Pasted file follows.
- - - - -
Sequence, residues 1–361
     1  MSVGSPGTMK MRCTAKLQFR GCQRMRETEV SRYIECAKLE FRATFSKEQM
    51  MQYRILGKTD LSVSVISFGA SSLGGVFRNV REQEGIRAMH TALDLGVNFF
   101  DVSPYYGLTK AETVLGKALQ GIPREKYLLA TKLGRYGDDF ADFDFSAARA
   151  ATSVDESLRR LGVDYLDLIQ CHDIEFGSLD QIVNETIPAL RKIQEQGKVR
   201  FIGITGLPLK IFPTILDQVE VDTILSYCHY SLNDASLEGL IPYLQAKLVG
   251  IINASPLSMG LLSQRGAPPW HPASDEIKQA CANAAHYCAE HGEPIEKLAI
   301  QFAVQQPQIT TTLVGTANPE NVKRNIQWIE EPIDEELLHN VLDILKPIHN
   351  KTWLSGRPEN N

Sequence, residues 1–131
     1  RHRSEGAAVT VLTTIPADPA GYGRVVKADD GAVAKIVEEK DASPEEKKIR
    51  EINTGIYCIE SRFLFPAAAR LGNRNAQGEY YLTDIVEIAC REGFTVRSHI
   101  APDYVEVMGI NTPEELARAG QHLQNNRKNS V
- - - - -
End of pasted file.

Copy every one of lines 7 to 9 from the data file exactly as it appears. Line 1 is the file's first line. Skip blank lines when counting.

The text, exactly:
   251  IINASPLSMG LLSQRGAPPW HPASDEIKQA CANAAHYCAE HGEPIEKLAI
   301  QFAVQQPQIT TTLVGTANPE NVKRNIQWIE EPIDEELLHN VLDILKPIHN
   351  KTWLSGRPEN N